Failure To Monitor Highlights Cancer Risk

New research released has found almost half of adult Australians (46%) think it ‘likely’ they will develop skin cancer, yet many still fail to regularly check their skin for potential cancers.

In the past 12 months, 40% of men and 36% of women did not check their skin or have a GP, friend or family member check for potentially life-threatening cancers.

The research also found that more than three million Australians (23% men and 15% women) rarely or never used sun protection while outdoors in the summer sun.

Chair of Cancer Council Australia’s Public Health Committee, Craig Sinclair, expressed concern at the findings and said with more than 430,000 cases and 1700 deaths each year from skin cancer, Australians needed to protect themselves from UV radiation and be aware of changes to their skin.

“Australia has one of the highest skin cancer rates in the world, with melanoma in men continuing to rise,” he said. “Two thirds of skin cancer deaths are males and 97% are aged over 40, so men in particular need to monitor their skin.”

Australian Cricket’s Twenty-20 captain and Test vice captain, Michael Clarke, has had three skin cancers removed from his face. Clarke urged Australians to be proactive about protecting and monitoring their skin.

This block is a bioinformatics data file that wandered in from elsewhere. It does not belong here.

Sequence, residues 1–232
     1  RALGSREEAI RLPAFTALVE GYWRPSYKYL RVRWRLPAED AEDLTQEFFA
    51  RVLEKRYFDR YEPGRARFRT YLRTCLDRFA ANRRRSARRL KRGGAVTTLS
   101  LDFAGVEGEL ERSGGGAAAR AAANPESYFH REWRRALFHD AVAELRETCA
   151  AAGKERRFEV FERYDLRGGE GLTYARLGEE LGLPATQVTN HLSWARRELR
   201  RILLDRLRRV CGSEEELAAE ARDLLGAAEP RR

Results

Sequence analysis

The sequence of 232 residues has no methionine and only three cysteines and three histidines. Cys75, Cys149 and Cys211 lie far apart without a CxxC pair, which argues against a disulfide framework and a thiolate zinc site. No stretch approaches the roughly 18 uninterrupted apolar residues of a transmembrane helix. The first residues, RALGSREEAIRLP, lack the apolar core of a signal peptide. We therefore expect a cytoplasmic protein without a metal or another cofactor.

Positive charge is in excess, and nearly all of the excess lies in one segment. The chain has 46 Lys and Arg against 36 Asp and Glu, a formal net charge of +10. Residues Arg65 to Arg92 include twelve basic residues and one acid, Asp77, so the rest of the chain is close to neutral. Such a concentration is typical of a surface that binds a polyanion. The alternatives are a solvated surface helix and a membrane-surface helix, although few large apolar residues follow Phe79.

“Playing cricket means I am outdoors during peak UV times, so I try to protect myself and keep an eye on my skin for any changes,” he said. “I was lucky my cancers were so visible, but they can be anywhere on the body, so it is critical to be vigilant.”

Dr Phillip Artemi, from the College of Australasian Dermatologists, said: “The best defence against skin cancer is an aggressive offence. Protecting yourself in the sun and checking for changes to your skin can be lifesavers. If you notice an unusual mole or spot, speak to your GP or dermatologist as soon as possible.”

Cancer Council recommends that people use a combination sun protection steps when the UV Index is 3 or above – broad-brimmed hat, sunscreen, protective clothing, sunglasses and shade.

Source: Cancer Council Australia

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